Schools to Universities, everyone is talking about competency building; that is the need of the hour they declare; the curriculum needs to be changed they say. While their voice is loud and clear and there is a lot of truth in what people say, several myths muddy the waters and render all efforts null and void.
The most important one is around pedagogy, the way people learn.
Myth: We need to introduce learning time and portions to build competency.
Many think that unless we see the word competency either in the timetable or in the textbooks used this is not happening. When a subject is taught through an activity we are building a certain competency in addition to the concepts. If we do an experiment we are building practical skills by getting students to use lab equipment. If we ask them to do a survey or `google information’ we are teaching them research skills. So ultimately competencies boil down to the way we learn rather than what we learn. Immaterial of the subject, the medium of instruction or the textbook used or even the Board being followed learning depends on the pedagogy, a term that refers to the way people learn and one which is getting sidelined in all public discourses. I will go as far as to say that every bit of planning in a school should revolve around pedagogy and it should be central to the time and space allotted for learning.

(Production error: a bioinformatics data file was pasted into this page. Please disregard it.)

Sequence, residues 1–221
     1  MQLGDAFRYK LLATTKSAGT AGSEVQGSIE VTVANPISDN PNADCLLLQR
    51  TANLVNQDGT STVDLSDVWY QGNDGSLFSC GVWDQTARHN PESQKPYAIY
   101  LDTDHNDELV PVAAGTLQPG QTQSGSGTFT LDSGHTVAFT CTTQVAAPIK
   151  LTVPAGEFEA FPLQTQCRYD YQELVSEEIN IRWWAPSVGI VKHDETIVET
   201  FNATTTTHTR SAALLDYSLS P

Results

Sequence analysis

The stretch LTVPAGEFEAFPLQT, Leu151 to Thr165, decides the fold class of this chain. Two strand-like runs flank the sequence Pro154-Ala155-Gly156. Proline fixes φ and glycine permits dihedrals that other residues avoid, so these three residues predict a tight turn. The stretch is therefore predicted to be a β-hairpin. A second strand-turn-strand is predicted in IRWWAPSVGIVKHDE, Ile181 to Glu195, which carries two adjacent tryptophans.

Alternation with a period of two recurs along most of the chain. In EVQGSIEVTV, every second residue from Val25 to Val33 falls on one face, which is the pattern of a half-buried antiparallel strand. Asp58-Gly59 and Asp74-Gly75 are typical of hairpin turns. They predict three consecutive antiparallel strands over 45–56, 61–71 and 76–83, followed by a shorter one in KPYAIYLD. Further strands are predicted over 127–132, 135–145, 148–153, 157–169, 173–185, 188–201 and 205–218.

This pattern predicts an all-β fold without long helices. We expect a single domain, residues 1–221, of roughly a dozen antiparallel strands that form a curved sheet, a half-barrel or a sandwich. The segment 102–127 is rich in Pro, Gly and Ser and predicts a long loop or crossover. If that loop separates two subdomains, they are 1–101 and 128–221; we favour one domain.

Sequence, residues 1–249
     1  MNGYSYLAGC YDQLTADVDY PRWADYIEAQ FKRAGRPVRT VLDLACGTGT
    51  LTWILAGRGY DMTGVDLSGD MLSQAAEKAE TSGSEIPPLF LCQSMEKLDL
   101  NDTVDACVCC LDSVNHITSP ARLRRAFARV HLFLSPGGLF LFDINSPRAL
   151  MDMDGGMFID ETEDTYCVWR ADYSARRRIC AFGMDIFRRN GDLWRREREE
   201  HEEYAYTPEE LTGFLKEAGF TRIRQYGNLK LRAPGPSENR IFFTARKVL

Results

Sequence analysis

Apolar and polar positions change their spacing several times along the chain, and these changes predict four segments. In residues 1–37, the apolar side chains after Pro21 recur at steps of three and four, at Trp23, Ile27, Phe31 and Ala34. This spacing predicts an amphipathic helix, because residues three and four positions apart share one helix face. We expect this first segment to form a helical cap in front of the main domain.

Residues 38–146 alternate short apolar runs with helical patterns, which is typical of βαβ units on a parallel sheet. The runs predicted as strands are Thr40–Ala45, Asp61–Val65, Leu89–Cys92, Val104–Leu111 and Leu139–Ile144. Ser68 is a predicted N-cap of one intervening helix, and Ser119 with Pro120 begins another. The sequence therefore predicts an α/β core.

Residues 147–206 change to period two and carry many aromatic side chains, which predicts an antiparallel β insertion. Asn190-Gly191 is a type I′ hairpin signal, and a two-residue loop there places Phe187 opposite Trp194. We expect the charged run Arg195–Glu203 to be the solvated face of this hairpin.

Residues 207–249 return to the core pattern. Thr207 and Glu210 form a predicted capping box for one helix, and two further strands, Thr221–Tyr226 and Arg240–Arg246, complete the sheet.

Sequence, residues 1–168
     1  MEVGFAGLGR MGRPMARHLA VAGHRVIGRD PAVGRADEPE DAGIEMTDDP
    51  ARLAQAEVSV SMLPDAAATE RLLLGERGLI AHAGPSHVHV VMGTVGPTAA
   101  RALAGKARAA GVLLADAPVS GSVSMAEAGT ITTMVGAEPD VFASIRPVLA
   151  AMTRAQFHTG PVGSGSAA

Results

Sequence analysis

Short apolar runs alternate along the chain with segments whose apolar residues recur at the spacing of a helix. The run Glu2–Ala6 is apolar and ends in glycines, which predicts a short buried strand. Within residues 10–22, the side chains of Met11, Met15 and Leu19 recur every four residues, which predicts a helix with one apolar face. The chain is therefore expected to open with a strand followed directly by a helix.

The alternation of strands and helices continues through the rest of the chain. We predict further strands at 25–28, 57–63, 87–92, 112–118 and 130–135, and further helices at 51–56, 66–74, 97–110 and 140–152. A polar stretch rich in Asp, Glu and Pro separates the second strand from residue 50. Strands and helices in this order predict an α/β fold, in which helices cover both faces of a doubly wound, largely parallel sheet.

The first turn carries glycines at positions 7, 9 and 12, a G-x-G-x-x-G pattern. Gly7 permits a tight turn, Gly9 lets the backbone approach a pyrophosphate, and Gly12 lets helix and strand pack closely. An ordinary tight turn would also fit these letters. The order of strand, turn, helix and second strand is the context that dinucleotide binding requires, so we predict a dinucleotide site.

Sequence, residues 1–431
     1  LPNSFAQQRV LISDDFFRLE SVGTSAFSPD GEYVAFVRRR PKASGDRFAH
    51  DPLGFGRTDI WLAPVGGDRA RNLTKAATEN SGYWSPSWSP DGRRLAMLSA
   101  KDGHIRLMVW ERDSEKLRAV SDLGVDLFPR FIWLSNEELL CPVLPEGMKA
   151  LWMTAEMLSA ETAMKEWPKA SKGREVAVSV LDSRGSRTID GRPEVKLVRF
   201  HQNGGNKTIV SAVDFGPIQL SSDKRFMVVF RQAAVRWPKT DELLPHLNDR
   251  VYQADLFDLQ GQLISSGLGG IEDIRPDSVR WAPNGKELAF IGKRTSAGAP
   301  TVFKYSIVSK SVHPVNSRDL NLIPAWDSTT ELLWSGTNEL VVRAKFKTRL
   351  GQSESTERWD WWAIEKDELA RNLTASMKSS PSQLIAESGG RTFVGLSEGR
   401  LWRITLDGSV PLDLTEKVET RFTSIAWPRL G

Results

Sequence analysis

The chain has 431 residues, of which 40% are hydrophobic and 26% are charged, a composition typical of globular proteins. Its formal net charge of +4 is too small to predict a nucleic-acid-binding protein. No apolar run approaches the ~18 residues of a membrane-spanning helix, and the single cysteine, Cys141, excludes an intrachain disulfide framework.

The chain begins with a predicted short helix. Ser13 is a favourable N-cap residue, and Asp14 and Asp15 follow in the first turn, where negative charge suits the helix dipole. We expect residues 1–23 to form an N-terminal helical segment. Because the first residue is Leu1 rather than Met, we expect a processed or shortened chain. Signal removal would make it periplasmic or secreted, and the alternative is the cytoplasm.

It is akin to what is happening with Moral science or skills like spoken language or mental maths. Setting aside time for these skills will not guarantee that these skills will be developed in children. What will surely contribute is the fact that subjects are taught using these skills in the classroom, which is pedagogy.
When students engage in solving normal maths sums in various concepts be it mensuration or simple fractions, if they employ mental maths they will not only learn the concept but also build their competency. So, the way they are taught maths is the key. Similarly, when they engage in language skills they are actually reading material on a subject other than language itself. They read about humanity, culture, science, history, or simply human values. So how do we develop language? We employ the four language skills LSRW (Listening, Speaking, Reading, and Writing). Any amount of grammar training will not ensure good writing skills or speaking skills unless they actually do it.
From both the examples it is clear that pedagogy dictates competencies and not `what’ they study.